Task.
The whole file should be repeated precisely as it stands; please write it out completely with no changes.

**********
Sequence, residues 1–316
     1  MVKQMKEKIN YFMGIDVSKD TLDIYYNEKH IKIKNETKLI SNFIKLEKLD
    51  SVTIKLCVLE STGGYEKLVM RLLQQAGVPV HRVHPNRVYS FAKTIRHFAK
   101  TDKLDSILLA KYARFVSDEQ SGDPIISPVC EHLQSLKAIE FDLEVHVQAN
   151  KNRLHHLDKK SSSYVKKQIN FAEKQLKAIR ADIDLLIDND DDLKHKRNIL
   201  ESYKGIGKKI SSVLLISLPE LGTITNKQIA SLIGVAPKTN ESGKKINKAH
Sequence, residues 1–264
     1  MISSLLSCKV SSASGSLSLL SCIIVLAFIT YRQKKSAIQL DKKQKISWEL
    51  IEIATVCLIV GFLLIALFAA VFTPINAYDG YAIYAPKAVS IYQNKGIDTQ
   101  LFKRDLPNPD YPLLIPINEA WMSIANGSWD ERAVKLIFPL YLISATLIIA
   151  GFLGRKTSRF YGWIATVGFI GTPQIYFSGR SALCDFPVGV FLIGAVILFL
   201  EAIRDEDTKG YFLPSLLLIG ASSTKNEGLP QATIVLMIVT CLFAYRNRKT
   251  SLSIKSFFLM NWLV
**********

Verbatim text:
Sequence, residues 1–316
     1  MVKQMKEKIN YFMGIDVSKD TLDIYYNEKH IKIKNETKLI SNFIKLEKLD
    51  SVTIKLCVLE STGGYEKLVM RLLQQAGVPV HRVHPNRVYS FAKTIRHFAK
   101  TDKLDSILLA KYARFVSDEQ SGDPIISPVC EHLQSLKAIE FDLEVHVQAN
   151  KNRLHHLDKK SSSYVKKQIN FAEKQLKAIR ADIDLLIDND DDLKHKRNIL
   201  ESYKGIGKKI SSVLLISLPE LGTITNKQIA SLIGVAPKTN ESGKKINKAH
Sequence, residues 1–264
     1  MISSLLSCKV SSASGSLSLL SCIIVLAFIT YRQKKSAIQL DKKQKISWEL
    51  IEIATVCLIV GFLLIALFAA VFTPINAYDG YAIYAPKAVS IYQNKGIDTQ
   101  LFKRDLPNPD YPLLIPINEA WMSIANGSWD ERAVKLIFPL YLISATLIIA
   151  GFLGRKTSRF YGWIATVGFI GTPQIYFSGR SALCDFPVGV FLIGAVILFL
   201  EAIRDEDTKG YFLPSLLLIG ASSTKNEGLP QATIVLMIVT CLFAYRNRKT
   251  SLSIKSFFLM NWLV